[Miller's Irvingism, i. 14, &c. ii. 416; Athenæum, 14 May 1881, p.654; Hare's Life of Baroness Bunsen (3rd ed. 1882), ii. 76; information received from the Rev. H. G. Graham, Glasgow.]
CARLYLE, THOMAS (1795–1881), essayist and historian, was born 4 Dec. 1795 at Eccledechan in Annandale. He was grandson of a Thomas Carlyle, first a carpenter and afterwards a small farmer at Brownknowe, near Burnswark Hill. Francis, a brother of the elder Thomas, was a rough sailor of the Trunnion type. The brothers had been separated by a long quarrel, and among the earliest recollections of the younger Thomas was a sight of the granduncle, who was being carried upstairs to be reconciled with the dying grandfather. Both brothers were tough, irascible men, as much given to fighting as to working. Thomas married Anna Gillespie, by whom had had four sons and two daughters. The second, James, born in 1757, inherited the paternal temper, and was roughly brought up, and allowed to ramble over the country shooting hares. He received early religious impressions from John Orr, schoolmaster and shoemaker, who was pious when sober, but often spent weeks at the pot-house. In 1773 James became apprenticed to a mason, William Brown, married to his eldest sister Fanny. He afterwards set up business with a brother, built a house for himself in Ecclefechan, and there made a home for his father and brothers. In 1791 he married a cousin, Janet Carlyle, who died after giving birth to one son, John. Two years after her death (1794) James Carlyle married Janet Aitken. Their first child, Thomas, was followed by three sons and five daughters. The sons were John Aitken [q. v.]; Alexander (b. 1797), who emigrated to Canada, and died 1876; and James (b. 1805) who took the farm at Scotsbrig and survived his brothers. The daughters were Janet, who died in infancy; Margaret (b 18??) who died unmarried in 1830; Mary (b. 1808) who became Mrs. Austin; Jane, or ‘craw Jean’ (b. 1810), who married her cousin, James Aitken, in 1833; and Janet (b. 1813) who became Mrs. Hanning, and settled in Canada. James Carlyle was from the first steady, abstemious, and a thorough workman. His business prospered, and he joined the ‘burghers,’ a sect of rigorous seceders from the kirk, who had a ‘heath-thatched’ meeting-house in Ecclefechan. He was a man of remarkable force of mind and character, strong affections masked by habitual reserve, and the religious temperament characteristic of the stern Scotch Calvinist.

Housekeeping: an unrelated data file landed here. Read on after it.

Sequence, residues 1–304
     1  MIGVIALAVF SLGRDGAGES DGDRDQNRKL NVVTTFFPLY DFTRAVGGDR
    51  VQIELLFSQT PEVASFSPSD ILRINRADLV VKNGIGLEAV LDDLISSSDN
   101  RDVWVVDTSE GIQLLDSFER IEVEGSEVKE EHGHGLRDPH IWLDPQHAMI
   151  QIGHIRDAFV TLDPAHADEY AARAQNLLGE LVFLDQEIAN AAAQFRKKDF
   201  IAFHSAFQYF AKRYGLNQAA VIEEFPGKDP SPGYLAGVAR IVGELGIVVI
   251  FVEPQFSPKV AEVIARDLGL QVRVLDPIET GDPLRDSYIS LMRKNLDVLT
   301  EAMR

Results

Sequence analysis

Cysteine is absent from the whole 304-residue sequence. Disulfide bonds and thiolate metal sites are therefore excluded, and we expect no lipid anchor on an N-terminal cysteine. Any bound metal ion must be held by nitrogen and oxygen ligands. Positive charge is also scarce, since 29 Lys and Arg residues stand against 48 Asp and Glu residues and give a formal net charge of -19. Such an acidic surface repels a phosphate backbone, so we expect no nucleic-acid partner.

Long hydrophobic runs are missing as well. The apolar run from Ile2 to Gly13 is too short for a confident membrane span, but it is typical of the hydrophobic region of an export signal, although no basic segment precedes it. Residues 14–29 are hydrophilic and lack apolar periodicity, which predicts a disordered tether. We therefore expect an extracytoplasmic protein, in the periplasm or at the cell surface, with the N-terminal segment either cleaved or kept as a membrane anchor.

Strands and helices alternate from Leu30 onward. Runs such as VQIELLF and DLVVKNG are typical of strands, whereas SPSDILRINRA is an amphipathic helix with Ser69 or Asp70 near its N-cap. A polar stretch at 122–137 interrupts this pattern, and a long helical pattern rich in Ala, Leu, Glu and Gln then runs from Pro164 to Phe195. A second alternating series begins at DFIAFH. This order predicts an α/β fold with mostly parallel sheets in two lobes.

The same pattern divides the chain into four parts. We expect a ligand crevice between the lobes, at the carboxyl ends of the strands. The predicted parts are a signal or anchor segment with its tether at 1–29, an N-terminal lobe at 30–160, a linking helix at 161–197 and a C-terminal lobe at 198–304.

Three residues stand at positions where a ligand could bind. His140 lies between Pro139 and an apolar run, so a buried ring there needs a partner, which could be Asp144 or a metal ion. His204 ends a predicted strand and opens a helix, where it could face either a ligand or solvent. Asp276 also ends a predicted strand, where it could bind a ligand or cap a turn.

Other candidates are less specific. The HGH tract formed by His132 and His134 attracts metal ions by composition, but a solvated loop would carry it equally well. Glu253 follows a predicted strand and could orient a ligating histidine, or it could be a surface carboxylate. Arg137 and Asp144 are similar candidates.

Thomas Carlyle learnt reading from his mother, and arithmetic (at five) from his father. He was then sent to the village school. His English was reported to be ‘complete’ in his seventh year, and he was set to Latin. As the schoolmaster was incompetent he was taught by Johnstone, the burgher minister, and his son, an Edinburgh student. At Whitsuntide 1805 ho was sent to Annan grammar school, He had already shown violent temper, and his mother now made him promise not to return a blow. He had, consequently, to put up with much cruelty, until he turned against a tormentor, and, though beaten, proved himself to be a dangerous subject for bullying. The two first years, he says, were miserable. His school experience is reflected in ‘Sartor Resartus’ (bk. ii. ch. iii.; see also ‘Cruthers and Johnson’ in Fraser's Mag. January 1831). He learnt to read French and Latin and the Greek alphabet; he learnt a little geometry and algebra; and devoured all the books he could get. His father perceived the son's ability, and decided to send him to the university with a view to the ministry. Carlyle accordingly walked to Edinburgh — a hundred miles distant — in the November term 1809, and went through the usual course. He acquired some Greek and Latin; was disgusted with the uncongenial rhetoric of Thomas Brown upon the association philosophy; but made some real progress in mathematics under John Leslie, who earned his lasting gratitude by zealous help. He became a leading spirit among a small circle of friends of his own class. Their letters show remarkable interest in literary matters. One of them addresses him as ‘Dean‘ and ‘Jonathan,’ implying that he is to be a second Swift, Another speaks of his ‘Shandean turn of expression.’ ‘Tristram Shandy’ was one of his favourite books. Carlyle contemplated an epic poem. He still studied mathematics. He advised his friends sensibly, and was ready to help them from his little savings.
To fill up the interval which must elapse before his intended ordination, Carlyle obtained in 1814 the mathematical tutorship at Annan. He thus became independent, and was able to put by something from his salary of 60l. or 70l. a year. He was near his father, who had now settled in a farm at Mainhill, two miles from Ecclefechan. Here he passed his holidays; but his life at Annan was solitary, and chiefly spent among his books. His divinity course involved an annual address at Edinburgh. He delivered in 1814 ‘a weak, flowery, sentimental’ sermon in English, and a Latin discourse (Christmas 1815), also ‘weak enough,’ on the question, ‘Num detur religio naturalis?’ On the last occasion he had a little passage of arms with